Scleroderma is a chronic disorder characterized by diffuse fibrosis of skin and internal organs. The cause of scleroderma is not known.
Autoimmunity, fibroblast dysregulation, graft-versus-host disease, fetal lymphocytes retained in maternal circulation and occupational exposure to silica have been made responsible for the outcome of scleroderma.
Types of Scleroderma
Scleroderma may be localized or diffuse.
It is prevalent in 80% of patients and is also known as CREST* syndrome, in which hardening of skin is limited to the face and hands.
*CREST= calcinosis cutis, Raynaud’s phenomenon, esophageal motility disorder, sclerodactyly, and telangiestasia
Its prevalence is about 20% in patients. In diffuse form of scleroderma, skin changes occur in the trunk and proximal extremities. Tendon friction rubs especially over wrists, ankles and knees.
Gastroesophageal Reflux disease
Large mouthed diverticulli (jejunum, ileum, colon)
Scleroderma renal crisis
Microangiopathic hemolytic anemia in patients with severe renal disease.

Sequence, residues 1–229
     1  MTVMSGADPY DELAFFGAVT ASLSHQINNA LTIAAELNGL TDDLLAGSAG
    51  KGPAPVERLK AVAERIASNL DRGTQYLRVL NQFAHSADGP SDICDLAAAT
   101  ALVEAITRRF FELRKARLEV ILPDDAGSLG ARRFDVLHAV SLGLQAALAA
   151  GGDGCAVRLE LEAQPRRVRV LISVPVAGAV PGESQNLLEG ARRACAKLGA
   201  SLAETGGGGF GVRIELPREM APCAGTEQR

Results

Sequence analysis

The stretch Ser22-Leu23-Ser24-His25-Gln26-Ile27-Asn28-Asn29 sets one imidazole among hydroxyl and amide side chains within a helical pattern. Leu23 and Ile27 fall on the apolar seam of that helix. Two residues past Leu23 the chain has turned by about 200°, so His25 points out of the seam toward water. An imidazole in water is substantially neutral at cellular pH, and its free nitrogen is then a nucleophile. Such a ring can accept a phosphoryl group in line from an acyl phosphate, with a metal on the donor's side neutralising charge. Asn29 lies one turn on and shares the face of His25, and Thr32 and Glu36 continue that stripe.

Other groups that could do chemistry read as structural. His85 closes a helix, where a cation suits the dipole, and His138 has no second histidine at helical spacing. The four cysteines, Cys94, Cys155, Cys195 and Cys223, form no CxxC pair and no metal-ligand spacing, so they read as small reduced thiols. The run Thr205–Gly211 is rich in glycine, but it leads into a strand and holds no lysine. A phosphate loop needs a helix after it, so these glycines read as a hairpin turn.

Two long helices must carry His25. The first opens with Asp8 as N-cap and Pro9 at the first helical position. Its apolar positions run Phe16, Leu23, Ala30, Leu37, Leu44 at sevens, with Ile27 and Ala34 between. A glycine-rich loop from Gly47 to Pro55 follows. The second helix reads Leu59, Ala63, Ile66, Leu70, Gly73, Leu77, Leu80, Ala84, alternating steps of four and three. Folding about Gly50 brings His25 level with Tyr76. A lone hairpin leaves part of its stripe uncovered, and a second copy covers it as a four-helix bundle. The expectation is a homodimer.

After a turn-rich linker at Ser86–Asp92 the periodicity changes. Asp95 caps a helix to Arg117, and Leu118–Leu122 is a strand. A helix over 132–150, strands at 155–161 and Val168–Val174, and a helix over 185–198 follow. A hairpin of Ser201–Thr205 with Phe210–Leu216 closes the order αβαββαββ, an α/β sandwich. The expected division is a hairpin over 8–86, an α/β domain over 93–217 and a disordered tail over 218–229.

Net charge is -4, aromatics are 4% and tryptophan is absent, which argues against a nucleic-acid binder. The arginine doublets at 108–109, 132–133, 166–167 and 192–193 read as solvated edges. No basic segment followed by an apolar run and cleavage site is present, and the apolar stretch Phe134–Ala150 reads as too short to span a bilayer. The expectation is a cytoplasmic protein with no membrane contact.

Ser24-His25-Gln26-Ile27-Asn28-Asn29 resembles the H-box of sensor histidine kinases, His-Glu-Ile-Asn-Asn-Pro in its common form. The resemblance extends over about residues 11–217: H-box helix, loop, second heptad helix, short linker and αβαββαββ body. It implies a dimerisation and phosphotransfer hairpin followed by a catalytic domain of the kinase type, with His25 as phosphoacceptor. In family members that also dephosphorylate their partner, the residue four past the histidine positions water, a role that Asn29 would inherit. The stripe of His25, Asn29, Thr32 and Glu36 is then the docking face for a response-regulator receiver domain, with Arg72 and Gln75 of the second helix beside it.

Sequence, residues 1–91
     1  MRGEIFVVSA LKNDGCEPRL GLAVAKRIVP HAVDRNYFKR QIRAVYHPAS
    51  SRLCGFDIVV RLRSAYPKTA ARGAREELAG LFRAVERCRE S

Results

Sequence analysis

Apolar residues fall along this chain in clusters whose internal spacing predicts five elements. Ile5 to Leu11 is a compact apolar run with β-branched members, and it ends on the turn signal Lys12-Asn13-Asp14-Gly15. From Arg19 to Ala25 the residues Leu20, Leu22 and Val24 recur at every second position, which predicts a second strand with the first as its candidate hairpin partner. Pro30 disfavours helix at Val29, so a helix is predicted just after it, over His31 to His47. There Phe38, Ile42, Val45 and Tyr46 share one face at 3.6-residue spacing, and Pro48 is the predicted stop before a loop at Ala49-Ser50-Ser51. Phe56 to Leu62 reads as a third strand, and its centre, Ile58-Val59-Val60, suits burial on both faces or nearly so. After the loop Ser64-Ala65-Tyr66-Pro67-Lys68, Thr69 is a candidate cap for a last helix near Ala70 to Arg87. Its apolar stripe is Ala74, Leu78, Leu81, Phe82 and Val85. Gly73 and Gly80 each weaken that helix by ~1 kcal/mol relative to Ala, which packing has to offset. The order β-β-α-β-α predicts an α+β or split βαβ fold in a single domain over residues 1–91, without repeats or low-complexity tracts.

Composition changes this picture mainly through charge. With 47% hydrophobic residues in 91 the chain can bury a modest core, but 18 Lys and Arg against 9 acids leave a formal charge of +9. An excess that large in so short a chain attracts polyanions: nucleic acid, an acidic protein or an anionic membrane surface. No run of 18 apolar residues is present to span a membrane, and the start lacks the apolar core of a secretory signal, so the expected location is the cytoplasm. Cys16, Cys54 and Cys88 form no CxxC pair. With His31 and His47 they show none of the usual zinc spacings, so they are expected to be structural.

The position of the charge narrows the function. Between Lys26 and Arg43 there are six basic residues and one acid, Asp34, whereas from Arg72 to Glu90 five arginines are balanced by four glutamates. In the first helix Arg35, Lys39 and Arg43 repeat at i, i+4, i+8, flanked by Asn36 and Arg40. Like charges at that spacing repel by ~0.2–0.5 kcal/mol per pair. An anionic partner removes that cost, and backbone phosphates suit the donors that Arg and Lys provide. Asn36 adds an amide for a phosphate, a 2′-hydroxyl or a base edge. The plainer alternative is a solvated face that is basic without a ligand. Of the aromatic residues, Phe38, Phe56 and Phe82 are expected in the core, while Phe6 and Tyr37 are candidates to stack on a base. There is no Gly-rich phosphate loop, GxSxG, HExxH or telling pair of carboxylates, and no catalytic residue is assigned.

Antinuclear Antibody tests are always positve.
Anticentomere antibody is seen in 50% of those with CREST syndrome.
Anti-Scl-70 antibodies may show a poor prognosis, with a high likelihood of serious internal organ involvement (e.g interstitial lung diseases).
Anti-RNAP antibodies are associated with diffuse skin changes.
- Raynaud’s syndrome may respond to calcium channel’s blockers. E.g. Nifedipine 30-120mg/day or Losartan 50mg/day.
- Intravenous Iloprost causes vasodilation and platelate inhibition.
- Tetracyclines 500mg four times daily inhibit the growth of bacteria
- Captopril 37.5-75mg/d in three divided doses for the treament of scleroderma renal crisis.
- Cyclophosphamide is used to improve severe interstitial lung disease
- Bosentan improves pulmonary hypertension.
- NSAIDS and Steroids are used for active musculoskeletal disease.
Photo courtesy of Leith C Jones at en.wikipedia